From Thomson-Reuters and the Pinnacle CPA Advisory Group —

The IRS currently provides a tax credit of up to $7,500 for purchasing certain new electric vehicles. The Inflation Reduction Act of 2022 makes several changes to the credit, which has been renamed the Clean Vehicle Credit. Some are favorable, but some may make it harder to get a tax credit. Here’s what you need to know about the upcoming changes.

New “final assembly” requirement

Vehicles sold after 8/16/22 only qualify for the Clean Vehicle credit if their final assembly occurs in North America. This means that the number of vehicles that qualify has already been drastically reduced. According to the IRS, the following vehicles meet the final assembly requirement, so they should qualify for the credit if purchased after 8/16/22 and before 2023.

However, the IRS cautions that some models are produced in multiple locations. You can confirm that a vehicle meets the final assembly requirement by entering the VIN at the U.S. Department of Transportation’s VIN decoder ( Or, sometimes the information is on a label affixed to the vehicle.

Model Year



Model Year







Model Year Vehicle
2022 Audi QS 2022 Ford Mustang MACH E 2022 Lucid Air 2023 BMW 3-series Plug-In
2022 BMW 3-series Plug- In 2022 Ford Transit Van 2022 Nissan Leaf 2023 Mercedes EQS
2022 BMW XS 2022

Jeep Grand

Cherokee PHEV

2022 Rivian EDV 2023 Nissan Leaf
2022 Chrysler Pacifica PHEV 2022 Jeep Wrangler PHEV 2022 Rivian RlS    
2022 Ford Escape PHEV 2022

Lincoln Aviator


2022 Rivian RlT    
2022 Ford F Series 2022 Lincoln Corsair Plug-in 2022 Volvo S60    

Transition Rule for Vehicles Bought before 8/16/22. If you entered into a written, binding contract to buy a new qualifying vehicle before 8/16/22, but don’t take possession of it until on or after 8/16/22 (for example, because the vehicle was not delivered immediately), you can claim the credit based on the rules that were in effect before the Inflation Reduction Act. The final assembly requirement does not apply.

Generally, a written contract is binding if it is enforceable under state law and doesn’t limit damages to a specified amount (for example, under a liquidated damages provision or the forfeiture of a deposit). Making a significant (at least 5% of the total purchase price) nonrefundable deposit or down payment is an indication of a binding contract. A contract is binding even if subject to a condition, as long as the condition is not within either party’s control and continues to be binding if the parties make insubstantial changes to its terms and conditions.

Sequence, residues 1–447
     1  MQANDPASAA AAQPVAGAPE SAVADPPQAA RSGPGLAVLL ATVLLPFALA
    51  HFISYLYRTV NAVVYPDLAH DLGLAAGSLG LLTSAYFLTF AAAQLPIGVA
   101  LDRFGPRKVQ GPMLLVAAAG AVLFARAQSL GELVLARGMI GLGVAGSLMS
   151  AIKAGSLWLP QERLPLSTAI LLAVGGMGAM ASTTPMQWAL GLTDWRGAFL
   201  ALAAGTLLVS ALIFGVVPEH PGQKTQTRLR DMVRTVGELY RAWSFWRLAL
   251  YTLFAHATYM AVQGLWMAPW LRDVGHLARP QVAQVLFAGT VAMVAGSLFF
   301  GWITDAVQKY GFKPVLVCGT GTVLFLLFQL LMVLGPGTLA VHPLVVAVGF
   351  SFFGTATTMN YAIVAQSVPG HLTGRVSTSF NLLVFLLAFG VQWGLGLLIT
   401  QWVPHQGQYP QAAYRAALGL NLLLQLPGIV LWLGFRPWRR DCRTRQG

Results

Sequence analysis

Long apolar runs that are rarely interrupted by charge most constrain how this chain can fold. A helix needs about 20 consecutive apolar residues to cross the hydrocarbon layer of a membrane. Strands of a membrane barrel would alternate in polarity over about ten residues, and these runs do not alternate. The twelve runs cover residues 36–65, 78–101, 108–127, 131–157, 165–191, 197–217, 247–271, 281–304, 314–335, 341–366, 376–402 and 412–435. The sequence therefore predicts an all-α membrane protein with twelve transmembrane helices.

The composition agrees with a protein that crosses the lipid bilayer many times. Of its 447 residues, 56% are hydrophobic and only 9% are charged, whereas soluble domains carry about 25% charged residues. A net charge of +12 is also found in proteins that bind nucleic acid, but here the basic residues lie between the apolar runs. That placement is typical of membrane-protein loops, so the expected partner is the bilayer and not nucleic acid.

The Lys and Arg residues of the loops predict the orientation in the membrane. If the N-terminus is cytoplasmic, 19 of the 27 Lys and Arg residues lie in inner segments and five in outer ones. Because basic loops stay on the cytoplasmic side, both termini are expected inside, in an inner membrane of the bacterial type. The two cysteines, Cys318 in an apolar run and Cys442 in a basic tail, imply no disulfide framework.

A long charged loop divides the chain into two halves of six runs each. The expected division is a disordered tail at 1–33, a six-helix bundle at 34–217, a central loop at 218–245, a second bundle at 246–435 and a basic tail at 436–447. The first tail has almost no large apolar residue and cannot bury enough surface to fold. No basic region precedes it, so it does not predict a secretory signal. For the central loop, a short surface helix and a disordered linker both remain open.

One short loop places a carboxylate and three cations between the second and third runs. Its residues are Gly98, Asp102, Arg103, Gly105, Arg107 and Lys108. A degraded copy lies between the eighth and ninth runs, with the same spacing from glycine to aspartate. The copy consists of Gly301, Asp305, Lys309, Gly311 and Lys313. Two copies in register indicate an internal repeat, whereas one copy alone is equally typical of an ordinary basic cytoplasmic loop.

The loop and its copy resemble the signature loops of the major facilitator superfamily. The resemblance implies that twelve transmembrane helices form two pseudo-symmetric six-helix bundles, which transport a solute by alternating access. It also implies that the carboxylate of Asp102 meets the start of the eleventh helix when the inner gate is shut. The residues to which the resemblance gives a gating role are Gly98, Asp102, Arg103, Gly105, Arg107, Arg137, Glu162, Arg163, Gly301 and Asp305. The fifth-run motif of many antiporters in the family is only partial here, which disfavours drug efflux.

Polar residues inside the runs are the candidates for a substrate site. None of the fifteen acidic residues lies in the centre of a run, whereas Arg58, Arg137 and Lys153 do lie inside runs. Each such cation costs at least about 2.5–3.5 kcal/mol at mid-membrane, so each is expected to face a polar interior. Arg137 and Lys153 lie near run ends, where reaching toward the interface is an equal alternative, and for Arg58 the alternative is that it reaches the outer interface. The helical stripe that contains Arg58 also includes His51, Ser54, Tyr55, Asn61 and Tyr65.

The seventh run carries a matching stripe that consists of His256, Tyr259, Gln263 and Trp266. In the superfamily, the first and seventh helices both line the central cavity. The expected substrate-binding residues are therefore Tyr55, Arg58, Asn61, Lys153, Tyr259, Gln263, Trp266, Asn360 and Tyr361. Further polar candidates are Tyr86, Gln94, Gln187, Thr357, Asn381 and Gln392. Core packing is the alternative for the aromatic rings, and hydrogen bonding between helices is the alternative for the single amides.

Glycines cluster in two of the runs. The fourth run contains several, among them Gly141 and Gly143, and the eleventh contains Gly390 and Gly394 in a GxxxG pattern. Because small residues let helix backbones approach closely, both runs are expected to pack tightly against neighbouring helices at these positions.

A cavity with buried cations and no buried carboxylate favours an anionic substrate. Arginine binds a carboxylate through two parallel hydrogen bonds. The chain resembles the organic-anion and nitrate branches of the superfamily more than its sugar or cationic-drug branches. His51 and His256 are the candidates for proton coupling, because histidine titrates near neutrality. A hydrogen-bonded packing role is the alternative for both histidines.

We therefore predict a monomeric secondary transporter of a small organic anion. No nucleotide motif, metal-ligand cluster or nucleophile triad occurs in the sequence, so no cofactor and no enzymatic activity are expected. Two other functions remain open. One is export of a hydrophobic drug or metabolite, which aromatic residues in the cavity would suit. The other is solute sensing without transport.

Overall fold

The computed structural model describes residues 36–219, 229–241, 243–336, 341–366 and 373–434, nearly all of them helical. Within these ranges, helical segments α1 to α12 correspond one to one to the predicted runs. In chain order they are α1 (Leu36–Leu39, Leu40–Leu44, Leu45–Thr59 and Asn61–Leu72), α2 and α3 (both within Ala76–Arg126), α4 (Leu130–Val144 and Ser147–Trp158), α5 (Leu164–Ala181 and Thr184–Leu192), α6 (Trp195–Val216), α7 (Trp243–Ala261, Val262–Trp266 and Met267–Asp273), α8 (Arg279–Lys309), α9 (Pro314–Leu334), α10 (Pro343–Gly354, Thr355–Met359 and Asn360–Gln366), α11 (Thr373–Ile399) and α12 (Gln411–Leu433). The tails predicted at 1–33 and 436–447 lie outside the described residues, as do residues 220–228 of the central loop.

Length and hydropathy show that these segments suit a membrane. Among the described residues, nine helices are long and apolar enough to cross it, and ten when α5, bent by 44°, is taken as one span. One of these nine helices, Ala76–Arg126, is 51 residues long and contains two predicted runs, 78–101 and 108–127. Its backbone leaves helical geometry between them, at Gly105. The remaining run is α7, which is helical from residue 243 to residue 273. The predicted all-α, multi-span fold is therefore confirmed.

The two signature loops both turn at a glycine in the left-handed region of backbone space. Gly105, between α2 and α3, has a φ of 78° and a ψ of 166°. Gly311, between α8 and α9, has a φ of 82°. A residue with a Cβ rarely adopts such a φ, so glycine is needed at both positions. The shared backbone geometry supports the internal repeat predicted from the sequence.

Vehicles Purchased and Delivered between 8/17/22 and 12/31/22. If you buy and take possession of a qualifying vehicle after 8/16/22 and before 2023, aside from the final assembly requirement, the rules in effect before the enactment of the Inflation Reduction Act apply (including those involving the manufacturing caps on vehicles sold). This means that the limits on the credit due to the vehicle’s price or the taxpayers modified AGI, discussed later, don’t apply.

Vehicles that qualify for the credit after 2022

In addition to the final assembly requirement, vehicles placed in service after 2022 must have a minimum battery capacity of seven kilowatt hours (up from a four-hour minimum under the old rules).

Also, the credit will be based on meeting one or both of two new requirements. Vehicles that meet a critical minerals requirement will be eligible for a $3,750 credit. Vehicles that meet a battery component requirement also qualify for a $3,750 credit. Vehicles that meet both requirements will qualify for a $7,500 credit.

These requirements are designed to ensure that the vehicles meet certain standards regarding the minerals used in their batteries and that a certain percentage of the vehicle’s battery is manufactured or assembled in North America. The IRS is supposed to issue proposed guidance on the critical minerals and battery component requirements by 12/31/22. This change in the credit calculation will apply to vehicles placed in service after the date that the IRS issues that guidance.